“Hilton is holding up very well; sometimes it’s even difficult to see that he’s ill, on the good days, but there are also the bad days, where the energy levels are just low,”continues Reddy. “But he’s a positive character and his spirits are up and he’s convinced that things are going to be okay, and he’s a sensitive soul who really draws from the fact that so many people are concerned for him.  He’s been sitting at home between the hospital visits and getting cabin fever and he asked the doctors if he can play. They’ve said that if he’s got the strength, it’s okay, so he’s looking at playing a set or half a set with Errol Dyers and Steve Newman this weekend, and doing a show at the Fugard Theatre on the 8th of August, it’s a kind of cabaret, with maybe some solo pieces.”
The inimitable trio of Dyers, Newman and Schilder is a project that was birthed just a year ago, after the trio were booked for tribute gigs around Mandela Day. Steve Newman, back home from a sell-out run at Grahamstown and street-shows in Sandton as part of Johannesburg’s FIFA festivals, explains: “It started at this festival at Mandela Rhodes Place, with Jimmy Dludlu and all the big guns playing outdoors, and us booked inside. I’ve jammed with Errol for years and years now, and I’ve always played with Hilton. They’re amazing musicians; so easy to play with. When I did my set, I called them up and it was just great – I didn’t even know that Errol played flute and harmonica. It worked so well that we started booking our famous ‘short notice’ gigs at The Melting Pot or The Biscuit Mill, and we recorded the album. We’re itching to play all the time – and we played one FIFA gig in Joburg – but it’s difficult getting out of the Cape because none of us have transport, and it’s a bit expensive to get on a plane with all the gear! At the moment, it’s just Cape gigs, but we’re looking at the coast and Joburg. And Durban – Errol’s dad lives there, and I’m sure he’d love to hear what we’re doing.”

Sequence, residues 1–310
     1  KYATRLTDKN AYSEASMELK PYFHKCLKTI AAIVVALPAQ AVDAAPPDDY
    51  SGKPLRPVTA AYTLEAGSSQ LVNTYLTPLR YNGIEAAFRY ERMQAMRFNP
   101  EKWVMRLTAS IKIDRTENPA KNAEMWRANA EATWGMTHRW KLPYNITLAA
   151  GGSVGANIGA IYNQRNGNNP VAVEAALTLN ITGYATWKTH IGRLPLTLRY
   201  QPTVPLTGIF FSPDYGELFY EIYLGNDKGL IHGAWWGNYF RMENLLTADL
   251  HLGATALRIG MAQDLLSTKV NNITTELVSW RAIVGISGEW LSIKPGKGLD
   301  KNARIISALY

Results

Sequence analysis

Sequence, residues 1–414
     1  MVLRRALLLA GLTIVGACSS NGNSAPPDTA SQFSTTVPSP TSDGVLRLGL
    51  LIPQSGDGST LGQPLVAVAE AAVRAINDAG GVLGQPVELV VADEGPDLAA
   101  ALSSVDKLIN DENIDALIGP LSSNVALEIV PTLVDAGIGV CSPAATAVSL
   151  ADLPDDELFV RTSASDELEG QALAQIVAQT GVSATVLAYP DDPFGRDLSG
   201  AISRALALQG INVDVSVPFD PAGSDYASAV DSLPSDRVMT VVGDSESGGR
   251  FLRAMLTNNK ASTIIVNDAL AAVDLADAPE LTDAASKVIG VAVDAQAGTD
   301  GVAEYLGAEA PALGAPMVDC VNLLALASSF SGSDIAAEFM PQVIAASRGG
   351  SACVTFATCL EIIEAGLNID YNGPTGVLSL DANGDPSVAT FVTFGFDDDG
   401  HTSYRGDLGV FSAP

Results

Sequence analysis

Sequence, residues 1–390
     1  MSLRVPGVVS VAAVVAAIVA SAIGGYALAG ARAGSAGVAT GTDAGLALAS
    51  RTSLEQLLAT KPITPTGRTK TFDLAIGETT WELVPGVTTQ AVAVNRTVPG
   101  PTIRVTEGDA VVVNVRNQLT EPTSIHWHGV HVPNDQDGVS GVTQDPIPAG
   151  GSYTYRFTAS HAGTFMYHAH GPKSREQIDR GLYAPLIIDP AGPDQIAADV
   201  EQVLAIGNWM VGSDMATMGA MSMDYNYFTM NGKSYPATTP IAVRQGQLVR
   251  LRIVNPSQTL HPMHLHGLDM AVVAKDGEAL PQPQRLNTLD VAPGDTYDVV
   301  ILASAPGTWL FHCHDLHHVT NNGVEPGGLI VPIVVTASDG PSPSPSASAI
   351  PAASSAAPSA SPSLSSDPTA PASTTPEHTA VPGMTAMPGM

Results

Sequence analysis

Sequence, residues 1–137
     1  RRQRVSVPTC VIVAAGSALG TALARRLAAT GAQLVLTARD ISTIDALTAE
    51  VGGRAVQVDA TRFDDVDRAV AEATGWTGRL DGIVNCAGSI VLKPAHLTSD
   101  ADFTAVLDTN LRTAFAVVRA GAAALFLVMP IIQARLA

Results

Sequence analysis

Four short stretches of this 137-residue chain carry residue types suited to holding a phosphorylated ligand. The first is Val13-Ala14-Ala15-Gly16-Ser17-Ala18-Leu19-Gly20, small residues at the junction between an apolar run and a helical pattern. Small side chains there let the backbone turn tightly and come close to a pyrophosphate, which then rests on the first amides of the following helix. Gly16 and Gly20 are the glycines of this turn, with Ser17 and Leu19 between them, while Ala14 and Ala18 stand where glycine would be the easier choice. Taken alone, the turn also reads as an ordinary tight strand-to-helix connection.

“Hilton is a sensitive soul,” says Reddy, “He reacts to all the positive energy, and it’s one of the things keeping him upbeat. For now, his annual projects on the European circuit have been postponed until the complications are sorted out, but he is composing prolifically at the moment, so there are a few albums in the wings when he gets better.  He is also looking at starting a developmental trust. When you are faced with questions like looking at your own mortality, you think about leaving a legacy that is more than just compositions and the music you have recorded. We’ll be looking at that now, as well as hosting the Benefit events.”
 “It’s true I’ve been composing,” says Schilder during the short conversation. “In hospital, lying awake one night a while song came to me, called ‘Rebirth’, which I wrote on the keyboard and when I could get to a piano, I played it there, and now I’ve already moved onto ‘Part 4’ of it. I want to thank everybody, especially Jai, who has given so much love and peace and light – I can feel their prayers and the things that are being done for me. I’m painting and writing and drawing and I’m very positive – I know this operation will go well.”
How you can help
  • For financial contributions to the Hilton Schilder Benefit Trust, deposits can be made to Brink & Thomas Attorneys Trust, ABSA (Branch: 632005; Account: 4070310853; Swift code: ABSAZAJJ) – please use reference “Schilder benefit” and your name.
  • To assist Tony Schilder, contact the Western Cape Musician’s Association at http://www.WCMA.co.za or +27(0)21-4217643 or +27(0)73-3990244.
  • Contributions to the Western Cape Musicians Association “Legends Benevolent fund”, which was set up to benefit all Western Cape musicians and has covered a portion of the ongoing medical and frail-care costs of Tony Schilder (now 73), can be made to First National Bank; Branch: Thibault, Branch code: 202509, Account name: Western Cape Musicians Association  Benevolent Fund, Account number: 62166099591.
  • Additional events as part of the Hilton Schilder Benefit Trust will be announced onwww.facebook.com: search for “Hilton Schilder Benefit”.
Article first appeared in the Argus Good Weekeend, weekend of 2010/07/31-08/01.